Poor Michael Torke has a hard time being taken seriously, largely because he writes uniformly optimistic, pop-tinged, lively, soul-easing music. But then Gershwin had the same problem in his era. Torke's time will come, I strongly suspect. And this release will help.
Someone has called him 'the American Ravel'. That's over-reaching a bit, but I can see their point. Torke is a master orchestrator (possibly the best currently working in America, although John Adams is right up there with him), and there is an insouciance that we generally associate with 20th-century French composers. He can write a meltingly beautiful tune, and he is a master of complex recognizably _American_ rhythms, some of them Latin American. He has been fortunate to have had wonderful recordings of his music; I'm thinking now of that string of Argo releases featuring David Zinman and the Baltimore Symphony.
For several years Torke was composer-in-residence for the Royal Scottish National Orchestra, and all three pieces on this CD were written for them. The title of the first, 'An American Abroad', reminds us of Gershwin's 'An American in Paris', but that's about the only similarity - and there are no taxi horns in the score! The predominant feeling in this 21 minute piece is that of an American, fresh-faced, curious, naïve, full of wonder wandering from place to place in a journey abroad. There are some invigorating rhythms (always a feature of Torke's music) and a middle section, rather more reflective, that has one of Torke's patented tunes, the kind that get in your head and won't leave you alone. There is a touch of melancholy in this section; it made me think of the sadness of leaving wonderful travels behind when it's time to go home. But then there is the excitement of going back to familiar places and people. Hmmm, I've just described a 21st Century tone-poem, haven't I? Liszt and Richard Strauss would be proud.
The shorter second piece, 'Jasper', is a set of informal variations on a simple tune, one that uses each of the notes of the diatonic scale only once. The tune gets dressed up in varying rhythms and instrumentation, but retains its recognizability.
The final piece, the longest on the disc at 28 minutes, is a percussion concerto, entitled 'Rapture', written for and performed by the brilliant young (very young: he's only 26, and was only 23 when he premièred it) Colin Currie. A percussionist friend tells me that 'he beats Evelyn Glennie all hollow'; I'm not prepared to say that, but he certainly is hugely talented. I only wish I could _see_ him performing the piece. The concerto has an unusual form in that each of the three movements features a different subset of the percussion family. The first is subtitle 'Drums and Woods', the second 'Mallets', and the last 'Metals'. You get the idea. Needless to say, Torke's rhythmic vitality and ingenuity get a real workout here. The insistent rhythm in the first movement leads eventually to a kind of hypnotic state in the listener, the 'Rapture' of the title. This, in itself, is not my own cup of tea, but I did get caught up in the jittery excitement of it all. The second movement, the one with mallet instruments, is less frenetic and more intrinsically melodic, lots of deep marimba, lots of chords of the ninth. I will admit that it was my favorite; I guess I'd been a bit worn out by the first movement. But we're off to the races again, this time with a salsa beat, in movement three and the whole thing ends up in a flurry almost unbelievable virtuosity on the part of Currie. Hoo boy!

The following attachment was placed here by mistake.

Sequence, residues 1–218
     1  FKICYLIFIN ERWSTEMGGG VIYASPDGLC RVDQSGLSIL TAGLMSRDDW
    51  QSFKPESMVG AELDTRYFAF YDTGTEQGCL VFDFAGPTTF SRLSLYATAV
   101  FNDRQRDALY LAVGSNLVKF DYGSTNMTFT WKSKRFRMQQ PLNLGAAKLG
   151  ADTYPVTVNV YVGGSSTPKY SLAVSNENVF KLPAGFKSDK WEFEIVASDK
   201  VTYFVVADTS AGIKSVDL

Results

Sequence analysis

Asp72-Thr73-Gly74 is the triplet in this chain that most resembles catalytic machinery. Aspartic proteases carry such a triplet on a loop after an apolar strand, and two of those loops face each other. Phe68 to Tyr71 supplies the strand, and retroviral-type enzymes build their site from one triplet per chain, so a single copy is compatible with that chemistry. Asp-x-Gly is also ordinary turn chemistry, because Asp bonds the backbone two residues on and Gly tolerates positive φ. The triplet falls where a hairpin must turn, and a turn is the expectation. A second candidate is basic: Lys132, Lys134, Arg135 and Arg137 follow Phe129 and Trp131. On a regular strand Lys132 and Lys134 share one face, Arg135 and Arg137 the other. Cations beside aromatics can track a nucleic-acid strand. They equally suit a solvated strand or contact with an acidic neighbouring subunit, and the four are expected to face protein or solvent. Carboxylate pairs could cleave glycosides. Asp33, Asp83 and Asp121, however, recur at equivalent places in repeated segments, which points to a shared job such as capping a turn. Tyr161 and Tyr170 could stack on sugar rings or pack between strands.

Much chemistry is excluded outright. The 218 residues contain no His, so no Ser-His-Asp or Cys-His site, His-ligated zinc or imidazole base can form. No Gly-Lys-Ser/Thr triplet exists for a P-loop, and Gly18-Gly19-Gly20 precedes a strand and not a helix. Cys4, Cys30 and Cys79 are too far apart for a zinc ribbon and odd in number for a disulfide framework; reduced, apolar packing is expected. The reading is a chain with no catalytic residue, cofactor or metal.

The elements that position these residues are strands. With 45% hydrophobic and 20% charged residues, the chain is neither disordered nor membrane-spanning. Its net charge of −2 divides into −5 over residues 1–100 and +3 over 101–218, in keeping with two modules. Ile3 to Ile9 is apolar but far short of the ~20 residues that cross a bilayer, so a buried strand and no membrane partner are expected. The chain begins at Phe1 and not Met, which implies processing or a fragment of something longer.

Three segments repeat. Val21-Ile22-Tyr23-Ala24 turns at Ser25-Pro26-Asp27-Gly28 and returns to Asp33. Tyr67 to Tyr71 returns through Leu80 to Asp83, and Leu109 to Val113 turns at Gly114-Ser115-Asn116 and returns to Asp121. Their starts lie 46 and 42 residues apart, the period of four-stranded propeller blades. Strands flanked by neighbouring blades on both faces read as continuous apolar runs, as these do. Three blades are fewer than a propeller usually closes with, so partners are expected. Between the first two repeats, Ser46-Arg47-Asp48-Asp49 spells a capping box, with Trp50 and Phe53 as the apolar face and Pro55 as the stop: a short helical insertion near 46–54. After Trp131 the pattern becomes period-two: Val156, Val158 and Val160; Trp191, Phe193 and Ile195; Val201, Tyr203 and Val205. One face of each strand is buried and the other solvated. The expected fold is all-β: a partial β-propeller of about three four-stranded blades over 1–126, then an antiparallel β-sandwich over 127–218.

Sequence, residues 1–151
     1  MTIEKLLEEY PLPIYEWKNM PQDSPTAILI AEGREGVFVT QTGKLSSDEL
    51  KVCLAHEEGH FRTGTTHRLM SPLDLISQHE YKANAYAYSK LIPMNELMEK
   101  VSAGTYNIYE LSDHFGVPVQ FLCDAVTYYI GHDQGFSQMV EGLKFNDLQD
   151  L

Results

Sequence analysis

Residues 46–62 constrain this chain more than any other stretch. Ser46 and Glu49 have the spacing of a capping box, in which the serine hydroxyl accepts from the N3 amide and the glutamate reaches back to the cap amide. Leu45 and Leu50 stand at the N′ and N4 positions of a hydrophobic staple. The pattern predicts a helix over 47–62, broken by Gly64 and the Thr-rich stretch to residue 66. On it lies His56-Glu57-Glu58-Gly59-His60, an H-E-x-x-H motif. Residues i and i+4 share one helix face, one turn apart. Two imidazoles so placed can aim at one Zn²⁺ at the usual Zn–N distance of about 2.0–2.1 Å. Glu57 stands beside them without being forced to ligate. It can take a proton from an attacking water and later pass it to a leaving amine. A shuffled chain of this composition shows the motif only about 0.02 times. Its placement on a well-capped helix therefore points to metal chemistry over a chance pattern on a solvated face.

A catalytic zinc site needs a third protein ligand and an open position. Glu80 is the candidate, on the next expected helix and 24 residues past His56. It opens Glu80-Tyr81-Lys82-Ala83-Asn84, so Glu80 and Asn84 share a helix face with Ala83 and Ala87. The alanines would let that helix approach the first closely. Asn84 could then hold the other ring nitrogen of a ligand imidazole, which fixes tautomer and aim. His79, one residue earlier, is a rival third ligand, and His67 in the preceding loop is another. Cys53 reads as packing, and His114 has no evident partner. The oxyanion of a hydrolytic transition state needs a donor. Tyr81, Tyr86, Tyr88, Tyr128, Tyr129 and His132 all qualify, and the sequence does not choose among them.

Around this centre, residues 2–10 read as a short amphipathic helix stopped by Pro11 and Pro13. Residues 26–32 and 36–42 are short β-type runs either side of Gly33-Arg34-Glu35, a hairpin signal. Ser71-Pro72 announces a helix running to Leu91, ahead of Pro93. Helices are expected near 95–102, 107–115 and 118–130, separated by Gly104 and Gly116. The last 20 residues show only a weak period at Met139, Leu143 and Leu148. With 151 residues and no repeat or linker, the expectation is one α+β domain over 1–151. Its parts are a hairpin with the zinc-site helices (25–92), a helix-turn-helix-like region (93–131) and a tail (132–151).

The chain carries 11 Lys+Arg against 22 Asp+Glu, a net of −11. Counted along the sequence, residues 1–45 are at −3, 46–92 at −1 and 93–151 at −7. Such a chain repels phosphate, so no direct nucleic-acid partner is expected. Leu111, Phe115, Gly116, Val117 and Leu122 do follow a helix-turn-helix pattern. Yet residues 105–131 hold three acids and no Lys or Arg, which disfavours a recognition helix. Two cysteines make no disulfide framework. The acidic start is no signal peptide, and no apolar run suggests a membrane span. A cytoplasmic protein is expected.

One personal note: whenever I am really down and am having real trouble remembering that this is a wonderful world, I often put on something of Torke's - my long-time favorite has been 'Javelin', which he wrote on commission for the Atlanta Olympic Games (and which they inexplicably did not use!) - and my spirits come bubbling up; it is simply impossible for me to stay down with this music in the air.